This project is no longer funded and will not be updated.

Introduction to Modules and Activities

Welcome to the Exploring the Environment - Global Climate Change Modules!

The Center for Educational Technologies at Wheeling Jesuit University has developed new global climate change problem-based learning modules through a cooperative agreement with NASA. The Exploring the Environment—Global Climate Change modules are comprehensive educational activities designed to increase high school students’ knowledge of climate change science and the issues surrounding the complex interactions of Earth’s physical and biological spheres. The modules are a perfect fit for integrated biology courses, environmental science classes, and related courses, such as ecology and social studies, that want to address the sociopolitical issues of climate change.

Each module contains a scenario that defines student tasks, background information and readings to provide students with scientific understanding, featured data to start students on their analysis of data, and key resources that guide students to reliable sources for added research information.

The new problem-based learning activities allow students to practice their critical thinking and problem-solving skills, using the scientific method to investigate real world global climate change situations.

The modules offer teachers various implementation options depending on grade level (9-12) and class scheduling. For example, the Global Temperatures, Biodiversity, Human Health Effects, and Ice Caps and Sea Levels modules use a similar scenario—students take on the role of scientists returning from months in the field researching and collecting data on global climate change. They are called upon to present a special report to an international panel on climate change, detailing their findings and drawing conclusions about their specific field of investigation. They are expected to support their conclusions with data and research.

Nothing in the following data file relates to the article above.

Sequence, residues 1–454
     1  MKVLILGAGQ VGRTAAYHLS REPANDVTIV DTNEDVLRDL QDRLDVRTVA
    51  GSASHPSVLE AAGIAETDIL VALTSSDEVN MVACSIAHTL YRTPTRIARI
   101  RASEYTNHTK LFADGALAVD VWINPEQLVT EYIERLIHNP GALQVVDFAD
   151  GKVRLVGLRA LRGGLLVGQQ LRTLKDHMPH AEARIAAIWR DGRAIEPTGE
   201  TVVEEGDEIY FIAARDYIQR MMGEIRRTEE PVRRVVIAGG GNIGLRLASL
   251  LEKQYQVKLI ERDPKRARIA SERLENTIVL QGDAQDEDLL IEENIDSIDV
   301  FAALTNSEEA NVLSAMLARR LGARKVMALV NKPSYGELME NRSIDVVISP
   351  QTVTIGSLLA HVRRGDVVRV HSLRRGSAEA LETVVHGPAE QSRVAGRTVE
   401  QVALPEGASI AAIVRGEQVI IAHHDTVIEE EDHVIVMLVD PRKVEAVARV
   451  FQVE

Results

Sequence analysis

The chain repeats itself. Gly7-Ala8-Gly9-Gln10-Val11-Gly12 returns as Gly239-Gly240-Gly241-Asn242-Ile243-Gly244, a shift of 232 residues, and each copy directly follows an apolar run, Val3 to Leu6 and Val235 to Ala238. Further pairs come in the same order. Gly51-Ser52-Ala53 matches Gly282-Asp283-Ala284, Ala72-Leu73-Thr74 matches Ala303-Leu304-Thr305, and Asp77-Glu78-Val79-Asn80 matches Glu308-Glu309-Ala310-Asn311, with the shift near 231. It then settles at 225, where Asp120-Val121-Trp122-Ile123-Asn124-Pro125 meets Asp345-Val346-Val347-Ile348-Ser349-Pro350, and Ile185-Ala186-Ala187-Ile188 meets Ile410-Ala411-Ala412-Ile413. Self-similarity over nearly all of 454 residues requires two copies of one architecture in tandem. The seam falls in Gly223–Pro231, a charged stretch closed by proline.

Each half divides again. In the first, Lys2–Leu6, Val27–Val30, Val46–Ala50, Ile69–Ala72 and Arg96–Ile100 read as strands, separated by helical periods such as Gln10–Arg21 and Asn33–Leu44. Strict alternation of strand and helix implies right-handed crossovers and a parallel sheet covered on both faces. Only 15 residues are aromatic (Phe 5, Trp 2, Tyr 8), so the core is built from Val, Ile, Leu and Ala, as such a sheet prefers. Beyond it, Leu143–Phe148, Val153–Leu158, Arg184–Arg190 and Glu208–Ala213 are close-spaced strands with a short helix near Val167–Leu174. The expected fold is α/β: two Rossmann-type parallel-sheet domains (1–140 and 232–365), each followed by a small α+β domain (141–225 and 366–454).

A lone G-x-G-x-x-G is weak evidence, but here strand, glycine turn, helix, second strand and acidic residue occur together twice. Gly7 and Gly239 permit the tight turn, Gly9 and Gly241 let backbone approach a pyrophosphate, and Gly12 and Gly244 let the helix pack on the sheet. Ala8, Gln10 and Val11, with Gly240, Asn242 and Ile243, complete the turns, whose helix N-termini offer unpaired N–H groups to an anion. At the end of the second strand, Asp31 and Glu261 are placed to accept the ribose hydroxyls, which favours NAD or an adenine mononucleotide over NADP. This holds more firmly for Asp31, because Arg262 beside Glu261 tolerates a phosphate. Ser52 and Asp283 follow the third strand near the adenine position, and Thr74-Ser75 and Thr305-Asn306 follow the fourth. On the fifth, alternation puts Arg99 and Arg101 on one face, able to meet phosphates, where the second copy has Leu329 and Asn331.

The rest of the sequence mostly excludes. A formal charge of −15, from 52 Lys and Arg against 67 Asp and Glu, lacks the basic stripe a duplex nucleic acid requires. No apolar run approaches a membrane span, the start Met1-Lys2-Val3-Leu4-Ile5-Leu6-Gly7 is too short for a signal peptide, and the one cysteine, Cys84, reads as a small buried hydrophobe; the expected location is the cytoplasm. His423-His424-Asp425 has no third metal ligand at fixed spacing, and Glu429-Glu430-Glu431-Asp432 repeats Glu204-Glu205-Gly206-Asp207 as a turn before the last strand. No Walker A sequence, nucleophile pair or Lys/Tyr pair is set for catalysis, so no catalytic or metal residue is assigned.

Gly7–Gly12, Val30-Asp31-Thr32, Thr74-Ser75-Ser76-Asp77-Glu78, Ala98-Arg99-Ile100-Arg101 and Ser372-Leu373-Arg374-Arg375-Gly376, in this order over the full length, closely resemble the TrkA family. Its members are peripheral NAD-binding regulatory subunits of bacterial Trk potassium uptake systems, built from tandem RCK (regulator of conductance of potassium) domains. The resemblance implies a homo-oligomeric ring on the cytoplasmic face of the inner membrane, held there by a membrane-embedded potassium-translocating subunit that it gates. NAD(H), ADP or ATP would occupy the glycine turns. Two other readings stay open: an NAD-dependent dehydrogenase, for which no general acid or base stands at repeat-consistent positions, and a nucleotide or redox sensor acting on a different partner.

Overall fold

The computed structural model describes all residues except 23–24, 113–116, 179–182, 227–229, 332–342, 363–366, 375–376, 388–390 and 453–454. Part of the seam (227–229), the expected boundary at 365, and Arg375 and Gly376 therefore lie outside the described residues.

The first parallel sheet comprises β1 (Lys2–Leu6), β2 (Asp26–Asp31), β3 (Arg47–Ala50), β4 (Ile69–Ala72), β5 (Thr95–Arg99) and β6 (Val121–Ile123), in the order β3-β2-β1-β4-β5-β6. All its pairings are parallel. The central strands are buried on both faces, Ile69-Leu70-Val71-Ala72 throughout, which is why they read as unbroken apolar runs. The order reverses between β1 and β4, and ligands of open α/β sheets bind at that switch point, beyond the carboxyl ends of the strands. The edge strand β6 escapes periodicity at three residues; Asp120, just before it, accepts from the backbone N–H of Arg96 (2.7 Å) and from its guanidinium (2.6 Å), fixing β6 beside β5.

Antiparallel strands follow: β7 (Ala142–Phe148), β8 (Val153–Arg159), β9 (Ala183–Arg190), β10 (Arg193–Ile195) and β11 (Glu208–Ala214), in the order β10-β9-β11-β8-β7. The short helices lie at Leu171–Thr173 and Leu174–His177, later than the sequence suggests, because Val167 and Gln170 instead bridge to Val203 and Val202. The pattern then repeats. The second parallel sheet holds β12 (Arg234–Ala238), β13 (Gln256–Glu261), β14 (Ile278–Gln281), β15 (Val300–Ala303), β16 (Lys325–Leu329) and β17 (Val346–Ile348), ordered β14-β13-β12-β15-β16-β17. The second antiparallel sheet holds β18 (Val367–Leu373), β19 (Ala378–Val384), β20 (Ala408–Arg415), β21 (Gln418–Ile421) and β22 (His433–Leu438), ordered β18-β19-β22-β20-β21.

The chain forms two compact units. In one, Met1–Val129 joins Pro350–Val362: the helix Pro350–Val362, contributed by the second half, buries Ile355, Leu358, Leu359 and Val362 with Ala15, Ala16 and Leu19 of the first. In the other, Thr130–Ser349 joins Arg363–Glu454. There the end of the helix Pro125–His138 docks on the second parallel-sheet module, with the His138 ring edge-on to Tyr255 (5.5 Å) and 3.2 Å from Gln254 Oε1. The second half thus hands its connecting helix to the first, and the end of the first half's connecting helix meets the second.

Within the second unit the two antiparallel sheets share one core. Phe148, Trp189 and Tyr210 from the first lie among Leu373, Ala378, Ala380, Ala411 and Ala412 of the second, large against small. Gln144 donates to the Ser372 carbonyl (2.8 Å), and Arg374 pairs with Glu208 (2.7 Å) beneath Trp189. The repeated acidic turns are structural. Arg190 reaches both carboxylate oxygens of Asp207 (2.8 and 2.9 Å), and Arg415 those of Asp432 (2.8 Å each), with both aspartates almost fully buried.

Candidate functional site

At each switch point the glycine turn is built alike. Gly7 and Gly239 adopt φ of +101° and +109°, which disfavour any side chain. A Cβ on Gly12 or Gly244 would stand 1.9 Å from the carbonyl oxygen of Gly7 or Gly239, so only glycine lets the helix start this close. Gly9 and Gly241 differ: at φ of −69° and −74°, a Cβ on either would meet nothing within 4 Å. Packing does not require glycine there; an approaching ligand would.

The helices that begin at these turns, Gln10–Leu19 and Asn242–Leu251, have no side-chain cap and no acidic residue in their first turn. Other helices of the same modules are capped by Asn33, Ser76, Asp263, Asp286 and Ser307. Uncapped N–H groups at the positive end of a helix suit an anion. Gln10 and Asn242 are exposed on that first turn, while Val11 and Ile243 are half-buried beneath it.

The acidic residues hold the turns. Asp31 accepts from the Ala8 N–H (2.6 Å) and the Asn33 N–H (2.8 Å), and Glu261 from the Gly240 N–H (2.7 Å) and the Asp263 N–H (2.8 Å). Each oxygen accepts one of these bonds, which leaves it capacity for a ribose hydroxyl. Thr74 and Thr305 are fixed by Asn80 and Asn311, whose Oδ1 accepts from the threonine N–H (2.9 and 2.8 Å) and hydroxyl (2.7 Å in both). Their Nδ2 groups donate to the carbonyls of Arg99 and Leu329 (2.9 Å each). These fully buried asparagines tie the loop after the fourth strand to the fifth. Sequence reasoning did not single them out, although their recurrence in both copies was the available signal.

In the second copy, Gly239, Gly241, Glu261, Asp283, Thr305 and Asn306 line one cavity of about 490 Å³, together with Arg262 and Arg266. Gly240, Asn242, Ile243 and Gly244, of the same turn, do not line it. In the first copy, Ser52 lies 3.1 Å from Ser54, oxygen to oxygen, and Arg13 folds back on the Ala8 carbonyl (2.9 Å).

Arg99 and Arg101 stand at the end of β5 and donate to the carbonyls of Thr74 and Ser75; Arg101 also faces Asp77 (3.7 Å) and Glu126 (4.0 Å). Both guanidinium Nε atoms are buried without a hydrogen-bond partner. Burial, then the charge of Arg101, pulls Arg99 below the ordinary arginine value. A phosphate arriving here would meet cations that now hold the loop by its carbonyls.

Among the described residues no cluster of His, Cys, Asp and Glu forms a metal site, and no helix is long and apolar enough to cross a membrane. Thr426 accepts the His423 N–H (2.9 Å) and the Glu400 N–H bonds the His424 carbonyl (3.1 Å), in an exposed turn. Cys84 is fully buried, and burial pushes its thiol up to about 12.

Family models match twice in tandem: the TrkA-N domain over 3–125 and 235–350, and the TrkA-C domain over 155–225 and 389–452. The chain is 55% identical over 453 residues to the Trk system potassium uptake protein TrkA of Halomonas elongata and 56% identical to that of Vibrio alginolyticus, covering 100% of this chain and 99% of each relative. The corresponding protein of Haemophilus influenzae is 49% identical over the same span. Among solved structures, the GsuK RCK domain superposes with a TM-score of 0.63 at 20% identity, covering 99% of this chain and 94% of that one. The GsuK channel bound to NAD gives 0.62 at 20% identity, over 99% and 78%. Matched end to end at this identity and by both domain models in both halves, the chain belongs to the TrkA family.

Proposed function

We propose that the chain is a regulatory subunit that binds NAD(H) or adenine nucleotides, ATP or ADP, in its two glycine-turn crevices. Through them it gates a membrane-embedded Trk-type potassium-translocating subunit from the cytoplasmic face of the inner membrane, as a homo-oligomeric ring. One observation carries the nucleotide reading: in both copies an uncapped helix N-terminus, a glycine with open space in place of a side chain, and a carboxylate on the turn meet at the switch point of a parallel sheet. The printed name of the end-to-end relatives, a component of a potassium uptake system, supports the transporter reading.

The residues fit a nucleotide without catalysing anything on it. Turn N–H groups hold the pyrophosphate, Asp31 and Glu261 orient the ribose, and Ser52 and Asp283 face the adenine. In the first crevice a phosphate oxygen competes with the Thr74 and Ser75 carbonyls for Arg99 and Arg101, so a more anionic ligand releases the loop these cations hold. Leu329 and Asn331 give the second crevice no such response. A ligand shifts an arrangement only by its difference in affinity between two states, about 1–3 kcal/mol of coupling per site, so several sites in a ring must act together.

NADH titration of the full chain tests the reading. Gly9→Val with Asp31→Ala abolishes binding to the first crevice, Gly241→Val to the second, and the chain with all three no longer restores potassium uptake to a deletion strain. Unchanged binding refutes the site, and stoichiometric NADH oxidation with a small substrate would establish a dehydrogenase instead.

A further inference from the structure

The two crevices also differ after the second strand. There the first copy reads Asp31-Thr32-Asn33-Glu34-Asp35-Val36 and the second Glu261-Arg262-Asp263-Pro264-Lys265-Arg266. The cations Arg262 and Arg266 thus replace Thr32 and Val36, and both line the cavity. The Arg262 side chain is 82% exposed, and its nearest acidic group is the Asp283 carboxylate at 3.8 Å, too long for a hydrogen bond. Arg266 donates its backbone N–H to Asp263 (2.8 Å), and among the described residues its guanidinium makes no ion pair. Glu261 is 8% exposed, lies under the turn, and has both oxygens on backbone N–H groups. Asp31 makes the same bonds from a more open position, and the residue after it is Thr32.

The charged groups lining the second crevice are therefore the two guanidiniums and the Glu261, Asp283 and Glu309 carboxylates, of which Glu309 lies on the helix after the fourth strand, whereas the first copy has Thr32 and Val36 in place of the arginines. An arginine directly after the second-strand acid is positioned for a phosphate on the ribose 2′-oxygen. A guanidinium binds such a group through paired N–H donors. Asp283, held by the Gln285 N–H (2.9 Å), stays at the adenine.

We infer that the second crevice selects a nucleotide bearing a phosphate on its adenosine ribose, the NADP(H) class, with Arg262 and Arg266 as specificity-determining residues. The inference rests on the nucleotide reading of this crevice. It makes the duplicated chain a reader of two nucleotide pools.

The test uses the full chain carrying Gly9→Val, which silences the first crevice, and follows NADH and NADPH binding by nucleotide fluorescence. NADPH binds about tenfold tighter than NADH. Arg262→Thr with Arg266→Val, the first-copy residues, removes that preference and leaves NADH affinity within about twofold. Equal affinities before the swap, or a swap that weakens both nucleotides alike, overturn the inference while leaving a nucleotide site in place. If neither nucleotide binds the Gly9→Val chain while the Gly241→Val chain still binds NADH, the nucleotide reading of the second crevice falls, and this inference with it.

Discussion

The Drought and Volcanoes modules take a different approach to their scenarios. The Drought scenario encourages students to explore how weather and climate science and data collection differ, yet intercept. The Volcanoes scenario guides students to analyze and assess the complex role that volcanoes can play in impacting climate-level changes. We encourage teachers to reflect on the different approaches and choose the format that best fits their classroom needs.

One option is to assign students in one class to teams, with each team investigating a different module—Human Health Effects, Global Temperatures, Ice Caps and Sea Levels, or Biodiversity. Another option is assigning the modules to separate classes. For example, if there are multiple classes of ecology or integrated science studying a unit on the environment, each class can analyze one of the module’s topics. At the end of the unit, teams can present their results to other classes by poster displays, PowerPoint presentations, or in an environmental summit presented to the school.

We hope you find the site engaging and informative. Our goal is threefold: engage students in exploration of global climate science topics, facilitate integration of NASA climate satellite images and data sets, and assist teachers in delivering effective, engaging materials that increase students’ climate literacy, critical thinking skills, and interest in science careers.

We want to know what you think. If you have feedback or questions on the Exploring the Environment—Global Climate Change materials or this site in general, please let us know.

Manetta Calinger, lead curriculum writer:

Laurie Ruberg, Ph.D., principal investigator: